Will the U.N.'s New Campaign Help or Hurt Gay Rights Abroad?

Activists and experts split on how the 'Free & Equal' education campaign will affect local LGBT communities in countries like Russia

Vladimir Putin
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Vladimir Putin's homophobic new laws have sparked an international outcry
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Last month, the United Nations launched a global public education campaign called "Free & Equal," aimed at fighting homophobia and transphobia around the world. "In 76 countries, it's still a crime to be in a same-sex relationship, and in at least five, the legally prescribed punishment is death," says Charles Radcliffe, chief of the U.N.'s Global Issues Section. "We are ready to intervene when we see human rights defenders arrested and detained." The U.N. hopes to confront violence and discrimination by emphasizing that LGBT rights are fundamental human rights. Adds Radcliffe, "There is a lot of misinformation that gets in the way of rational discussion, a lot of negative stereotypes."

In many ways, the timing couldn't be better, with Russia's homophobic new laws against so-called "gay propaganda" setting off a widespread outcry. But some experts are concerned that the U.N.'s campaign will have little impact in places like Russia – and could actually make matters worse. Janet E. Johnson, associate professor of political science at Brooklyn College, warns of likely negative repercussions against LGBT individuals and organizations in Russia. "Sexuality has become a political football, with Putin casting himself as the ultimate male-in-chief," says Johnson. "It's a very simple notion that if we advocate, it will change things. But there are countries where it doesn't."

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Johnson notes that even well-intentioned legislation addressing gender and sexuality can lead to a disastrous backlash against local LGBT communities in countries where social norms lag behind the law. Adds Johnson, "The worst example of this disconnect from law and practice is South Africa – the first country in the world to put gay rights in its constitution, but a country where people are raped to try to force them into heterosexuality."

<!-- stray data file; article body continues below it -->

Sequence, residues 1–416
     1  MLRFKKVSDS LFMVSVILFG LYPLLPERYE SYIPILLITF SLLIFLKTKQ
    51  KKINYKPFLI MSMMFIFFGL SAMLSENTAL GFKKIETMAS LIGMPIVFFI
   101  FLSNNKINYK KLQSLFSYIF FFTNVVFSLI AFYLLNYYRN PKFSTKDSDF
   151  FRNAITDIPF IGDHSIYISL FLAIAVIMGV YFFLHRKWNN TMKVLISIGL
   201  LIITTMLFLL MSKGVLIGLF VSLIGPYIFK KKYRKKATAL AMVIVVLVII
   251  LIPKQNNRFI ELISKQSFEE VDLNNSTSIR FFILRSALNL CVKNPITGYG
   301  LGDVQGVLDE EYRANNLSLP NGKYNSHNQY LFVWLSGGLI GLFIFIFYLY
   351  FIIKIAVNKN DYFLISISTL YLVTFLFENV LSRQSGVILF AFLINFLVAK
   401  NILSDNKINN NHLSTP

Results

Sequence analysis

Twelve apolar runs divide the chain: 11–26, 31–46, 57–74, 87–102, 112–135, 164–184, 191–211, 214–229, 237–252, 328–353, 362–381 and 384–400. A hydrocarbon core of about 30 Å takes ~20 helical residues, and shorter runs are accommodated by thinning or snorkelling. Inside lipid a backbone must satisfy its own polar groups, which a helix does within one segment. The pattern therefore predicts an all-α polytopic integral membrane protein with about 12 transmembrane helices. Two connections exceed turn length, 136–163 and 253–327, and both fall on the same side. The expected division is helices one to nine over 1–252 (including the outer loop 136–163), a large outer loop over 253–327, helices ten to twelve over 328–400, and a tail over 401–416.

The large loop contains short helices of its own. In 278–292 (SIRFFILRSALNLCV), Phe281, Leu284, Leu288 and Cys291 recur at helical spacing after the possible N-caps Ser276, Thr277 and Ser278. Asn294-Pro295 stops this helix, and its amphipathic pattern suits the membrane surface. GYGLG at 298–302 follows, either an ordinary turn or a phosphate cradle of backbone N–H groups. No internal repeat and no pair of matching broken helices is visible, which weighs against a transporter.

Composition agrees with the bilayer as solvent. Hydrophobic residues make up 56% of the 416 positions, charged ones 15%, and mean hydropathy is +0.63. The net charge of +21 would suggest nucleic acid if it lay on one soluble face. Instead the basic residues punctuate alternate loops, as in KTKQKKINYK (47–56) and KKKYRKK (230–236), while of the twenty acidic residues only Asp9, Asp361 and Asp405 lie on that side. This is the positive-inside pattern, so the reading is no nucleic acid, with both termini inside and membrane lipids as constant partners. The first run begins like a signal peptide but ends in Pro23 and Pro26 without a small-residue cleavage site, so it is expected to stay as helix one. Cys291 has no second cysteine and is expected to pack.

Russian activist and journalist Masha Gessen, author of The Man Without a Face: The Unlikely Rise of Vladimir Putin, argues that campaigns like the U.N.'s are unlikely to work in Russia. "It's both too late and too early for education campaigns here," says Gessen. She knows what she is talking about: Her refusal to cover Putin's visit with endangered Siberian cranes last year led to her dismissal as chief editor of the Russian popular-science publication Vokrug Sveta, followed by a bizarre personal meeting with Putin. She has also stirred controversy with her vocal support for jailed members of feminist punk act Pussy Riot, as well as being unapologetically out about her own same-sex family. Gessen is more enthusiastic about grassroots efforts like the boycott on Russian-made vodka, which has started to spread from gay bars in the U.S. to many restaurants around the world. "I am all for it," says Gessen, who also supports a boycott of the 2014 Winter Olympics in Sochi, Russia – and who, given the political climate, has decided to leave Russia with her family. "Boycott everything!"

Despite these concerns, the U.N. hopes that its "Free & Equal" campaign can help the cause of LGBT rights abroad. Indian Bollywood actress and activist Celia Jaitley is one of four founding celebrity champions of the campaign, along with pop star Ricky Martin, South African singer Yvonne Chaka Chaka and Brazilian singer Daniela Mercury. Jaitley – an outspoken advocate for India's de-criminalization of homosexuality in 2000 – sees the new campaign as a way to spark important conversations about respect and love. "I hope with 'Free & Equal' we can trigger a chain reaction of the realization that for society to be truly progressive we need to treat every one as one, and not discriminate on basis of sexuality, gender, caste or religion," she says.

The U.N.'s Radcliffe, meanwhile, believes that global attitudes around LGBT issues are shifting for the better. "Even in countries where the situation seems most difficult, a new generation of activists is emerging, providing a new impetus for change," states a hopeful Radcliffe. "20 years from now, it is quite possible we will look back on this time as a tipping point."